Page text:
Whether you’re looking for in-depth interviews, critical analysis or commentary on the latest releases, there’s a wealth of great music podcasts to choose from online. Here, we take a look at some of our favourite shows to date – from revealing documentaries to series exploring artists’ creative process
For music fans, the rise of podcasts has provided a whole new way to discover new releases and learn more about the stories behind popular recordings. The number of music-related shows has exploded in the past few years, with labels, artists and journalists using the medium to discuss and reflect on a wide range of music and genres.
At dCS, we recently teamed up with journalist Simon Barnett to create our first podcast series, dCS Legends: The Other Side of the Glass. Launched as part of our dCS Legends programme, which celebrates outstanding work in music production, it features exclusive interviews with 11 of the world’s top recording, mixing and mastering engineers about their work, process and the making of GRAMMY-winning recordings.
Making the series was a fascinating process, and we’ve been delighted to see so many of our friends and partners tuning in to listen. You can find the full series over at dcslegends.com – and for more music stories, check out our selection of new and ongoing podcasts below.
Launched in 2014, Hrishikesh Hirway’s series has become one of the most popular music podcasts of all time. The show has built a devoted global following and its creator recently teamed up with Netflix to make a miniseries of the same name.
The format is simple: in each episode, a musician breaks down one of their tracks and tells the story of how it was made, charting its evolution and the thinking or ideas behind it. The result is a fascinating series that delves into artists’ creative process and the careful consideration that goes into making a hit track.
Featuring interviews with FKA twigs, Fleetwood Mac, The Cranberries, Billie Eilish, Tame Impala, Kelly Lee Owens and many more, it covers a wide range of music, and will give you a whole new perspective on songs you might have heard countless times.
Described as “a collection of the greatest music stories never told”, public radio station KCRW’s documentary series brings together an intriguing collection of tales from music’s past.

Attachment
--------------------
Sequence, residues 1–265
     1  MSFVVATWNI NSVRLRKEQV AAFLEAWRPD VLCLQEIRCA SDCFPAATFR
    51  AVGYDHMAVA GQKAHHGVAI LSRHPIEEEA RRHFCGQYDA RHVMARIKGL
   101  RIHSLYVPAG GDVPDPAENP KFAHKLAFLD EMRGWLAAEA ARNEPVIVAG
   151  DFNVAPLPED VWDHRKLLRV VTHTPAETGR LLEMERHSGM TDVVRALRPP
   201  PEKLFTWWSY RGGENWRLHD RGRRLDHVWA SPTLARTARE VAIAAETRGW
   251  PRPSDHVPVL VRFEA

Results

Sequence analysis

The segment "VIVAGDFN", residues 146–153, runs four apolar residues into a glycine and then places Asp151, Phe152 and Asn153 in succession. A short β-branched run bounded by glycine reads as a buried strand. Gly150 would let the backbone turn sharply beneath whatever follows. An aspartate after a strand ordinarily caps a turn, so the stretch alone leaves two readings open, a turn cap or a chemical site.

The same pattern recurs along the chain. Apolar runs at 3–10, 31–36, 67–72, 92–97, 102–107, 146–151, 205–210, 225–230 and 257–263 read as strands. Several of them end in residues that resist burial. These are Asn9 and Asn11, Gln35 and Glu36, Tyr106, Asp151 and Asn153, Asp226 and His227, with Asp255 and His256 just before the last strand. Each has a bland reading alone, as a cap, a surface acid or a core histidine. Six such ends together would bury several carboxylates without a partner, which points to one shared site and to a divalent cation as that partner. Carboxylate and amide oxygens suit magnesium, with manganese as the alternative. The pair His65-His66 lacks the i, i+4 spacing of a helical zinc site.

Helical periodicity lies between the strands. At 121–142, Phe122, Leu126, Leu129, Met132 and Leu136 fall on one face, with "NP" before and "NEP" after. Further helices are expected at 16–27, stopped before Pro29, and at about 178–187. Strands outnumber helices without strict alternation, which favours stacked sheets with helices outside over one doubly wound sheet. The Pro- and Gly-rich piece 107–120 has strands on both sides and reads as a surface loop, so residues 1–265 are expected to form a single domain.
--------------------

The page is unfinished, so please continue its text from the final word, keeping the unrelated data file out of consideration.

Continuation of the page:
Season 1 features episodes on Captain Beefheart, cult rock band The Shaggs and WBAD (a pirate radio station which earned a devoted following among New York hip-hop fans in the mid 90s), while season 2’s highlights include a look at the work of pioneering sound designer and synth composer Suzanne Ciani and all-female punk group Fanny, which faded into obscurity after a promising start in the music world.
The podcast’s latest series is more akin to a collection of oral essays than a documentary, with critic Hanif Abdurraqib examining a single year (1980) through the lens of albums by the likes of Grace Jones and The Sugarhill Gang. If you’re looking for lesser-told stories from the archives, or an in-depth look at key moments in a significant year in pop culture, then Lost Notes is a great place to start.
Created by New York classical radio station WQXR in partnership with the Metropolitan Opera, Aria Code brings together musicians, writers and academics to discuss some of opera’s most popular arias. Each instalment is focused on a single work, with host Rhiannon Giddens delving into the stories behind them and their lasting influence before playing an excerpt from the Metropolitan Opera’s archives. Season 1 includes a look at Mozart’s Queen of the Night, Donizetti’s Le fille du regiment and Verdi’s La traviata, among others, while season 2 examines arias by Puccini, The Gershwins, Offenbach and more. Combining friendly discussion with some powerful performances, it’s an engaging series with guest appearances from some of opera’s leading talents.